I’m long overdue for a post, but wanted to update on the races I will hopefully complete this summer!
*I hope to do this one, if I’m well trained enough before I leave for Brazil!
At 61, Diana Nyad is hoping to attempt the swim she couldn’t complete in 1978: Cuba to the Keys. She swam for nearly 42 hours in 1978, but was defeated by wind, waves, and current. (The story of Nyad’s 1978 swim can be read here in Sports Illustrated.)
Interestingly, Nyad apparently only got back in the water in 2009, after a 30-year hiatus, as noted in a story in the Miami Herald:
Nyad didn’t swim a single lap for three decades, from 1979-2009. “Major burnout,” explains the International Swimming Hall of Fame inductee, who kept busy as a journalist, speaker and radio commentator. “Couldn’t pay me to get in the water.”
This time, she plans to forgo the shark cage she swam with in 1978. Ironically, however, at the moment the biggest threat to her swim appears to be bureaucratic: she’s waiting for a travel visa from the Cuban government.
Some of you may remember Janet Manning’s amazing Chris Geene Lake victory story from last year. Well Janet was back in 2010 and nabbed a 4th place finish in her very competitive age group. Way to go Janet! I don’t even mind that you beat me!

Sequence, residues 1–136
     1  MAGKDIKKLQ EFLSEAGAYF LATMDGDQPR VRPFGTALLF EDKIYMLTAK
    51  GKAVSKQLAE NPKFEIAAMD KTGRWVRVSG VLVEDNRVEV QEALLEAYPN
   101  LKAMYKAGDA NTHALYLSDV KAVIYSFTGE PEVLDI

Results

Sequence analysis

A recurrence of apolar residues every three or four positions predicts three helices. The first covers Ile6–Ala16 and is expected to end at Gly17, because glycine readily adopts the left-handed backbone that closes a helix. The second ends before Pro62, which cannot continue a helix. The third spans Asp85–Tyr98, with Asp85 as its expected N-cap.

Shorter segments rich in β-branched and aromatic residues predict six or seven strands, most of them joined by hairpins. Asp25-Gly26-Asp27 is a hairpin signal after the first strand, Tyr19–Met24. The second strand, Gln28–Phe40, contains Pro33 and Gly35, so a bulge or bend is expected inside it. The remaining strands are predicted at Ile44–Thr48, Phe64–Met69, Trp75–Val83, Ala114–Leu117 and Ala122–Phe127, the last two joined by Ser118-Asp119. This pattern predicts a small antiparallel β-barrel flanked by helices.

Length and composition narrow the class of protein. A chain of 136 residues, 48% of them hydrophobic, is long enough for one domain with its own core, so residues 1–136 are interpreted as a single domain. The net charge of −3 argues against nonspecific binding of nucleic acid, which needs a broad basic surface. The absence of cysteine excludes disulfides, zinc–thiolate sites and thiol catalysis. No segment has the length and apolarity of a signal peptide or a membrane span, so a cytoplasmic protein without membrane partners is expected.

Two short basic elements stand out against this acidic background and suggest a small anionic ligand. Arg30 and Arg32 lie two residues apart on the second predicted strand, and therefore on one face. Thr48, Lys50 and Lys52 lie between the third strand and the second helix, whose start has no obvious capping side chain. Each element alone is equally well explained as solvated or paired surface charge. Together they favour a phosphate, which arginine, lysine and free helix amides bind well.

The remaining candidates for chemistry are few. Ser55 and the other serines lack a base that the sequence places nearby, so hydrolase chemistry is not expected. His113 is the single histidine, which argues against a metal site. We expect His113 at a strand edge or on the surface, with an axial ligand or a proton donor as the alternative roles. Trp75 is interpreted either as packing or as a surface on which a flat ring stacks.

Another great Chris Greene Lake story from this summer is featured on the USMS Web site. From the article:
Calvin Barnes, 86, and Richard Selden, 88, also made waves at the event. Barnes finished first with a time of 1:26:27.21 and Selden came in right behind at 1:27:32.40. The two men earned the distinction of becoming the only two Americans in the 85 – 89 age group known to have raced in a two-mile cable swim. They met for the first time at the awards ceremony, where they shook hands while being recognized for their achievements.
The first round of the 2010 GCBS lottery is complete, and e-mail notifications have been sent out. If you didn’t get in, don’t despair. Some people who did get in either will choose not to commit or will fail to submit proper qualifying information. That’s why there’s a second round of the lottery. In 2007, Allison got in on the second round. I got a first-round pick in 2008 and 2009, but this year no luck there. So you just never know.
After Nancy Steadman Martin pulled out, Hannah Borgeson continued to hold the lead until sometime in the last mile, when apparently she pulled out due to cold (she must have been seriously cold to have pulled out so close to the end). Julie Sheldon took first place finish in 6:14. Way to go! Now get that woman some hot soup! (But no–swimmers have to get back in the water after touching land to swim back to the escort boats. I suppose once you’ve lost all feeling in your limbs, what’s a few more minutes of cold?)
No, we don’t mean sharks. The Florida Department of Natural History‘s Ichthylogy Department shows that you’re far more likely to be killed by lightning, dogs, even deer, than by a shark, and that far more people are injured every year by room deodorizers than by those toothy predators of the deep.
Take away? Never swim with your AirWick.